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Tag Archives: desert

Leading Out of Learned Silence

For years I heard the maxim: “Only the one who has learned to be silent is prepared to speak.” I would also add: “Only the one who has learned to be silent is prepared to lead.” Think about it: Paul, after his conversion, spent three years in a silent retreat in Arabia. Jesus spent thirty years of silence until he opened his mouth and began to teach. John the Baptist spent his adult life in the desert before he brought a word from God. Ezekiel said, “For seven days I sat in silence and was dumbfounded.” Job seven days in silence until he opened opened his mouth in anguish. Habbakkuk and Samuel waited before the Lord before they spoke. How can we learn to lead out of silence in the midst of our noisy world and churches? Slowly practice silence…. before, during, and after our words. This is a life work, and it can. Read more.

"Madness" as Our New Christian Identity

 “A time is coming when men will go mad, and whey they see someone who is not mad, they will attack him saying, ‘Your are mad, you are not like us’” (The Sayings of the Desert Fathers. Benedicata Ward, SLG, 5). Imagine the Body of Christ choosing to live a contemplative life of Daily Offices, Sabbath keeping, meditation on Scripture throughout the day, simplicity of life, a commitment to purity of heart (watching our intake of information/media/etc. for the sake of seeing God) – yet all the while activing serving others and making Christ known to others. Imagine the impact of our evangelical churches around the world filled with people who are not consumers of religion for a better life but men and women filled with passion for God and delivered from this present evil age! How can we escape the illusory Christian identity proposed by the world  (that is our present worldly church mindset) and choose. Read more.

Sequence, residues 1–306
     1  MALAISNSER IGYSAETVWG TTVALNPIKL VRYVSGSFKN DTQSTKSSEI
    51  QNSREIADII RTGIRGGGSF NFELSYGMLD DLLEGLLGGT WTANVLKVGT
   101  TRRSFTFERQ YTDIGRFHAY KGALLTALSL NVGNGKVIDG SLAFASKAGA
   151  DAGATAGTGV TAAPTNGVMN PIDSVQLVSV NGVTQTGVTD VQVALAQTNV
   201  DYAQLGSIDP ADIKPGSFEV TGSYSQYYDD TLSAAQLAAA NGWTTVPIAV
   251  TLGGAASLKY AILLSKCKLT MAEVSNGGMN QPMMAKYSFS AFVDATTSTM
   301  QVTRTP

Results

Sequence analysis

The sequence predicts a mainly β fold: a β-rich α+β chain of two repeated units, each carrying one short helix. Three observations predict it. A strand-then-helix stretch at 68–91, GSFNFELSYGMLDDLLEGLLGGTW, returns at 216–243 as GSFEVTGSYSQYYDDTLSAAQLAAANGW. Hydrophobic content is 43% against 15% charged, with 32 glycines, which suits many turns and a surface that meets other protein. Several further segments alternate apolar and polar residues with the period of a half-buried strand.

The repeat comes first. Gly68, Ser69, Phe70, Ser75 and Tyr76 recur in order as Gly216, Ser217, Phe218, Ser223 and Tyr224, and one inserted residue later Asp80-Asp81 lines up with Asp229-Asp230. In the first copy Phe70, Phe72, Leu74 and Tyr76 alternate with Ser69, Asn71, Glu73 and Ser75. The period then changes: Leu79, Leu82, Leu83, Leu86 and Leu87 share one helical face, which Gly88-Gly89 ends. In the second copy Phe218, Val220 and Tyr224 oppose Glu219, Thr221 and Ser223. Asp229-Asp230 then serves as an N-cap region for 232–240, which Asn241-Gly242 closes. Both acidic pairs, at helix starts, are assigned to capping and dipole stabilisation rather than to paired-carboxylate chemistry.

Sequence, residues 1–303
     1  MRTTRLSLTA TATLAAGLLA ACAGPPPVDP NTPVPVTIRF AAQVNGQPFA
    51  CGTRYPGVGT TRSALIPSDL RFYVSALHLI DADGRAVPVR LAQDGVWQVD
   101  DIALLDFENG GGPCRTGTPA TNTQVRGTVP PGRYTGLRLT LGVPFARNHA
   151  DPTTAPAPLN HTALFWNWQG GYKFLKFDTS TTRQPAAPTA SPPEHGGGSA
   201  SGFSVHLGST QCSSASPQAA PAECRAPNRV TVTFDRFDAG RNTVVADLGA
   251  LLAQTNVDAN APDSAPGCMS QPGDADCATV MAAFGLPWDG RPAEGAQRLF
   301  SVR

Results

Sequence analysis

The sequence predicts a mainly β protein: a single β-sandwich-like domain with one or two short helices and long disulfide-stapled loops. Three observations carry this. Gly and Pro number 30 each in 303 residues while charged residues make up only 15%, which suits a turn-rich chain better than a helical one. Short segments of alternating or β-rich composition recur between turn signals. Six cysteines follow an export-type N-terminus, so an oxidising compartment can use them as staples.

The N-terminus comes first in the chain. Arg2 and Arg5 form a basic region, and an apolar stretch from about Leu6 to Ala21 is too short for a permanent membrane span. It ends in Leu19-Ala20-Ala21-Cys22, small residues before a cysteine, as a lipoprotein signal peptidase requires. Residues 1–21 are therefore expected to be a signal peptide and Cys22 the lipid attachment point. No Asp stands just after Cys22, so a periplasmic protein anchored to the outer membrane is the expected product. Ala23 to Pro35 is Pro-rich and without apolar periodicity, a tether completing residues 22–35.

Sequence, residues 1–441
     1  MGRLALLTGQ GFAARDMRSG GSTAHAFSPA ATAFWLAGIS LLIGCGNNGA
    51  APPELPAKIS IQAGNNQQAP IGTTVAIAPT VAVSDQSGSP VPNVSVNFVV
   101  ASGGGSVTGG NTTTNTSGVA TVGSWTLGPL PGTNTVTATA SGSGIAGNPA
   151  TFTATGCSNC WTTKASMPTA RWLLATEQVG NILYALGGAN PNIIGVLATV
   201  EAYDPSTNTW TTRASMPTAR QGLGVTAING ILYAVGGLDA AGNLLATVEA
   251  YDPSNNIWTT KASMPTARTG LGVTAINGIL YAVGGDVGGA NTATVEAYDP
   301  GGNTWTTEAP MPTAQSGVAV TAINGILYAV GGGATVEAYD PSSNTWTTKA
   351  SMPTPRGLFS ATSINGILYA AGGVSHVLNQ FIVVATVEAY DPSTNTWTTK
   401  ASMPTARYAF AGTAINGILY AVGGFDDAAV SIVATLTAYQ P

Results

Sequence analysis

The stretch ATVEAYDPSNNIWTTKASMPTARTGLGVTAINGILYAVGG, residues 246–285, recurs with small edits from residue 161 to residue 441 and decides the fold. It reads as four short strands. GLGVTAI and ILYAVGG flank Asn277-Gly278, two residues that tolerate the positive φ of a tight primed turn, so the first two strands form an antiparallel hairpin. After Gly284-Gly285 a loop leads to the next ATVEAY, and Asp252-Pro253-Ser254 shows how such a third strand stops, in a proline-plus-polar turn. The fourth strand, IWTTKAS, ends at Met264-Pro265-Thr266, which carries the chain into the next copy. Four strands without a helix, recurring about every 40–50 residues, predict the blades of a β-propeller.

New Monasticism and the Community of Transfiguration

I just finished reading Community of the Transfiguration: The Journey of a New Monastic Community by Paul Dekar. It is the story of a 25 year journey of a small, missional, evanglical Baptist church in Australia moving from a church to a community to a monastery within their denomination! Can you imagine an intentional monastic community within an evangelical denomination today in North America? Paul Dekar, the author, is a professor at Memphis Theological Seminary. He presents a strong argument in his opening chapter that every 400 years in the West there is an upsurge in monastacism, and we are now living in the beginning of such an new movement. What makes this unique, in his opinion, is that it seems to be emerging within Protestantism and not Catholicism or the Orthodox church. I am not sure about these trends of church history, but I am sure that something radical is desperately needed and that monastacism holds a. Read more.